Many thanks to everyone who stopped by my SeedtoSpoon booth at the Boulder Farmers’ Market today. I really enjoyed talking with you and swapping tips about how to eat locally and seasonally. Thanks especially to Michele for helping me set up and the Hickman family for filling my hot Camelbak with ice water when I was wilting in the 92-plus heat!
If you happened to come by, you’ll know that I love it when folks share their favorite recipes. Many of you told me you love to cook, so please contribute. And if you’re the one who told me about that yummy-sounding curry with kohlrabi in place of potatoes, by all means send it in!
Here’s a great recipe idea for beets from a visitor from Grenada. She marinates chicken kebabs in garlic, chives, red pepper flakes, lemon juice and olive oil, then puts them on the grill with onion slices. When they’re done, she puts them in pocket bread and tops them with shredded cabbage, diced tomatoes and boiled-then-grated beets. Sounds delicious! If anyone tries it, please write in to tell us what you think.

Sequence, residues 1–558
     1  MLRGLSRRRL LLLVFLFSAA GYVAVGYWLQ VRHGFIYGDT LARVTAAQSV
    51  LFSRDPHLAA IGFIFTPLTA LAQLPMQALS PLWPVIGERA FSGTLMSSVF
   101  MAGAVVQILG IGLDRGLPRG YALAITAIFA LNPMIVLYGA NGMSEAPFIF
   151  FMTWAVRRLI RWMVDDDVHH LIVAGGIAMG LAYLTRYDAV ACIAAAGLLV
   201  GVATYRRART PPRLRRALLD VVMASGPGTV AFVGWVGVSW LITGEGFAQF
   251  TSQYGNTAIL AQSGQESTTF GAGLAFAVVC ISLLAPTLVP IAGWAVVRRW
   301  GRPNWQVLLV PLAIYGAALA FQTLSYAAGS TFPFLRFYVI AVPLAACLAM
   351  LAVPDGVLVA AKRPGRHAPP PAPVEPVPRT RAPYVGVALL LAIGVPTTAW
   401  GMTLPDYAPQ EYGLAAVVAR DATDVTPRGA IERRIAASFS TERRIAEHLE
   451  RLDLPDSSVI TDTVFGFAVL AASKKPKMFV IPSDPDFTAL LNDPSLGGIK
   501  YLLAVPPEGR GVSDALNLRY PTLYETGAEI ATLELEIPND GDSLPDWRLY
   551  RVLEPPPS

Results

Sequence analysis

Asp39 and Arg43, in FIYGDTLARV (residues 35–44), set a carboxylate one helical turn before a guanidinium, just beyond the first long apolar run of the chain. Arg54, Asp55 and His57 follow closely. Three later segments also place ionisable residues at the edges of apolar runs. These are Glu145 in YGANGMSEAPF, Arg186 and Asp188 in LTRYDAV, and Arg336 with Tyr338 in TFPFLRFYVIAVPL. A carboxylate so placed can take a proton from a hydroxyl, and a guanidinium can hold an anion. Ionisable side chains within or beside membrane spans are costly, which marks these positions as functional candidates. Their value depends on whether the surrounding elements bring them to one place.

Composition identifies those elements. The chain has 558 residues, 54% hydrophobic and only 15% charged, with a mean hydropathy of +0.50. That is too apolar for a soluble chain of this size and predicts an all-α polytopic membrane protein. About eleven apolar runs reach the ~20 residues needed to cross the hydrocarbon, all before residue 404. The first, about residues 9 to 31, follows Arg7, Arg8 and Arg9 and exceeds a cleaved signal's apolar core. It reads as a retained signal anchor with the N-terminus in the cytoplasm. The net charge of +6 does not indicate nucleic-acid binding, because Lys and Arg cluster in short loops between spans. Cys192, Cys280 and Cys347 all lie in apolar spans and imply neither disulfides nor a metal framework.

Finally, if you picked up a packet of organic basil seeds, here’s some growing information:
Organic Genovese Basil (classic Italian Basil)
Planting depth: 1/8 to 1/4 inch
Plant spacing: 8-12 inches
Days to maturity: 65-75
Soil Temp for germination: 70-85 degrees
Days to germination: 6-12
Sun: Full sun
Water: Moderate water
Dorothy Eberhard, a longtime volunteer at the Denver Botanic Gardens, shared the following tips with me earlier this season:
Start the seeds indoors in a soil-less, seed-starting mix. Sprinkle the seeds on top of the mix, then cover with 1/8 of an inch of seed-starting mix. “If they float to the surface when you water them,” she said, “just push them down.” Keep the soil moist and when they have sprouted about an inch or so high, transplant them to potting soil.
Dorothy puts seedlings into plastic four-pack containers (the kind you get nursery plants in) and places them in a foil tray in a sunny, south-facing window. She puts water in the bottom of the tray and also feeds it from above to encourage strong growth. Keep the plants indoors until all threat of frost has passed, which in Denver is late May (so you’re safe now), then transplant them to your garden or to a container outside. Good luck, and thanks again for visiting SeedtoSpoon.com!